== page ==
Interview With Vic Stevens in May 2008 - If People Could Listen

It is a real mystery that a musician with such fantastic abilities like Vic Stevens is not a superstar - there are not many drummers in the progressive/jazz area that play with such sensitivity and creativity like him. His background is enormous since he performed with Allan Holdsworth, Dave Fiuczynski, Jordan Rudess, Percy Jones, David Torn, Marc Johnson, Bon Lozaga, Scott McGill, Michael Manring and Pat Martino among others. So read some interesting facts about this man who recorded three solo albums then listen to his music and talk to others about him.

ragazzi: "You played on about thirty albums; almost all of them are jazz or progressive music. Can you imagine to be the drummer in an avant-garde death metal band for example?"

Vic: "To be honest with you I really cannot picture that, but I would certainly not turn the opportunity down if it came along. Doing new things is part of our learning and growing experiences as musicians. I would be up for the challenge of anything that is musically honest."

ragazzi: "When did you meet Scott McGill for the first time and under what circumstances did your collaboration start?"

Vic: "I met Scott in 1997 I believe. We had gotten together through a mutual friend to jam and we really hit it off. Shortly after that he asked me to play on the "Ripe" CD which is still to date one of my favorite CDs."

ragazzi: "Will there be another McGill/Manring/Stevens album in the near future?"

Vic: "I do not think so. We did our thing, it was cool, we made some interesting music, but I think that was it. Michael of course is on my new CD."

ragazzi: "You played on the last two albums of A Triggering Myth; was it just a job or do you like progressive rock?"

Vic: "The Triggering Myth CDs were a lot of fun to do. I have some early roots with the prog rock stuff with Yes, UK, Genesis. I do not listen to it frequently any more but I have a fondness for it and a lot of it in my itunes library."

ragazzi: "Would you play on the next CD of this excellent prog band then?"

Vic: "If asked to I certainly would."

ragazzi: "You released your first solo album in 1995, your second in 1997 and your third in 2007. Why is there such a long break between the second and the third?"

Vic: "The long break was for a variety of reasons. My time was pretty consumed with working, sessions, moving, and I did not really have the head to dedicate to writing. With that said I also felt that I needed to work on my writing more. I wanted the songs to really be able to stand on their own. "

ragazzi: "The style of your newest solo album "If people could talk" is more lyric and not so drum-oriented. Is that a result of your development of personality?"

Vic: "It is more of my development as a writer. There are some drummer led CDs that have great chops and playing but the "song" is not really saying anything. I wanted the listener to be able to take a journey. I hope I have done that with the new CD."

ragazzi: "Did you always want to become a drummer or was there a light bulb moment that changed your life?"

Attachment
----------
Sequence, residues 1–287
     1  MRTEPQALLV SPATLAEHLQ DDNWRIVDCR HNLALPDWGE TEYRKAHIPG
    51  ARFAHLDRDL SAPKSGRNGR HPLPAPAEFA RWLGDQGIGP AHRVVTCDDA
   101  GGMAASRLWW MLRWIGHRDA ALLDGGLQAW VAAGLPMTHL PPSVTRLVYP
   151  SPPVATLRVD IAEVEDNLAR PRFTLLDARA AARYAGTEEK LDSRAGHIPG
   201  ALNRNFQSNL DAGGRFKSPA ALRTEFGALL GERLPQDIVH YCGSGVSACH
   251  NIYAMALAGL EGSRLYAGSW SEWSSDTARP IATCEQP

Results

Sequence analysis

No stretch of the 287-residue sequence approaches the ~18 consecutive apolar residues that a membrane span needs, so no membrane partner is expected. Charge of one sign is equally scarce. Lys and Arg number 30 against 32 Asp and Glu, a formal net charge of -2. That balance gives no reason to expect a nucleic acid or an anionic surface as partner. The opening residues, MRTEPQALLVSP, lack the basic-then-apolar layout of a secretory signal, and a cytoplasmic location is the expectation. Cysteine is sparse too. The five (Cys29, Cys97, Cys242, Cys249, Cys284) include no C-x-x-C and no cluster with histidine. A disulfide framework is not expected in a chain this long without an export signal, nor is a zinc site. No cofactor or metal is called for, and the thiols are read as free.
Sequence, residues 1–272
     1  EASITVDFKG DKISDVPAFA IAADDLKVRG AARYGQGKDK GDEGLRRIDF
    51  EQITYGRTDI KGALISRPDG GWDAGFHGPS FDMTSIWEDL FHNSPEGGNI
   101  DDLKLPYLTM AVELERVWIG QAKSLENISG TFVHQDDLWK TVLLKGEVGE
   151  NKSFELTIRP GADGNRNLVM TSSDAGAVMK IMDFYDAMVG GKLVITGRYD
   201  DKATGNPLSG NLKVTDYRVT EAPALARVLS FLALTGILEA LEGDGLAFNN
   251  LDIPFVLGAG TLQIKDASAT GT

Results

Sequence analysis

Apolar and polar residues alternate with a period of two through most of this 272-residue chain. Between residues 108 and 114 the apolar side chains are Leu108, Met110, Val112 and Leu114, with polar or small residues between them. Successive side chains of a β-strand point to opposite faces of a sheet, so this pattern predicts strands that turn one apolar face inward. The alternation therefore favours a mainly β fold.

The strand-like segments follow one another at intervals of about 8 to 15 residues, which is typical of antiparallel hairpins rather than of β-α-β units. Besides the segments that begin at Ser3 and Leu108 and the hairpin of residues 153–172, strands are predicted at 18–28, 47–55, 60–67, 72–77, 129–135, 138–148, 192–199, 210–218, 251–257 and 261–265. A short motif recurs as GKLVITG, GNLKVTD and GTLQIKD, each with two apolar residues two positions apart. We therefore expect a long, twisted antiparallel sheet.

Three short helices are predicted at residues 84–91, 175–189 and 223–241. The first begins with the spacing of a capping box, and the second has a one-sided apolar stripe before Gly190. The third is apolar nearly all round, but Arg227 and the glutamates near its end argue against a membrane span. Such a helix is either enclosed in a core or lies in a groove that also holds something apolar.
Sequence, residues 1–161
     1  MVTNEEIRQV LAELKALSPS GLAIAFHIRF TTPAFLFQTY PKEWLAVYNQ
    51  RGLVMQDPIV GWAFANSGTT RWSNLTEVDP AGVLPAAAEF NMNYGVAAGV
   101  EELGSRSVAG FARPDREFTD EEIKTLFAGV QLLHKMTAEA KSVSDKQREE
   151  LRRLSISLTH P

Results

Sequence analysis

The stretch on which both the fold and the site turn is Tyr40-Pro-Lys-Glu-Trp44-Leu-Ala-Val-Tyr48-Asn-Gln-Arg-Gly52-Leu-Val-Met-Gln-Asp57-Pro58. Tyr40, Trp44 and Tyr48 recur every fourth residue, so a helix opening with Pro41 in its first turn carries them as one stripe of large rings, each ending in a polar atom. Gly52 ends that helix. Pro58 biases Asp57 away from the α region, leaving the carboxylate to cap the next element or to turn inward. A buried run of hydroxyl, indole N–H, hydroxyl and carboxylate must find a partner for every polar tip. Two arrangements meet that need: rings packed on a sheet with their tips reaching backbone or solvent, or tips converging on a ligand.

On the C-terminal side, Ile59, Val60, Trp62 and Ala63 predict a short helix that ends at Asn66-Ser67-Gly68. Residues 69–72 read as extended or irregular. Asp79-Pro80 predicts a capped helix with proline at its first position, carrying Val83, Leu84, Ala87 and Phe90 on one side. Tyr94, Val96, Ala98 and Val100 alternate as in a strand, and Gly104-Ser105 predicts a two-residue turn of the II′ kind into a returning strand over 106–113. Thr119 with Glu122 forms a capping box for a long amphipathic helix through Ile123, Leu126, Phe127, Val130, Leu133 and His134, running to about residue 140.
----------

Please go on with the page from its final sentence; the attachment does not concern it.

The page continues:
Vic: "I guess I did always want to be a drummer. I have played in bands since the 6th grade."

ragazzi: "Are you a trained drummer?"

Vic: "I am not formally trained but privately yes."

ragazzi: "You must have had - apart from your talent - some good teachers according to your skills on the drumset; is that right?"

Vic: "I had great teachers. The guys I studied with the most were Kenwood Dennard, Barry Altschul, Roberta Petacia, Frankie Malabe and Joe Morello, These guys showed me so much. The important thing about studying is that it is up to you to take what they give you and make it your own."

ragazzi: "Do you practice regularly these days?"

Vic: "I do try to practice on a regular basis but it depends on my schedule. I will try to get 3 - 4 days in a week. I have an 1 1/2 hour workout I like to do first, take a break and then onto tunes or ideas."

ragazzi: "You play products of Factory Metal Percussion; is it just for the looks or are you looking for different sounds?"

Vic: "They do look cool but I dig their sounds. I picked their stuff up at a NAMM show 3years ago. They are so quick and add an interesting color to the sonic palette."

ragazzi: "You changed your cymbal company lately - for what reason did you do this?"

Vic: "I had played Bosphorus cymbals before and really dug the sound. Especially on the straight ahead jazz gigs. When I was touring with Pat Martino we got the deal done and I am very happy that I did. They are a great company with great people. I was able to tour the Bosphorus factory while I was playing in Istanbul with Pat. That was wild to get to see the start to finish of a cymbal being made."

ragazzi: "Istanbul made you some little china cymbals; will Bosphorus do the same for you?"

Vic: "Yes they will. We just have not gotten there yet."

ragazzi: "Are you interested in creating some cymbal prototypes with Bosphorus, maybe bells?"

Vic: "I do not think that is my thing. That should be left up to the guys that really want to do that."

ragazzi; "You never seem to use bell cymbals except for the bells of your ride cymbals. Why?"

Vic: "I guess I do not hear that sound as part of "my sound" at the moment. Perhaps in the future it might change."

ragazzi: "What tone color should the perfect ride cymbal have in your opinion?"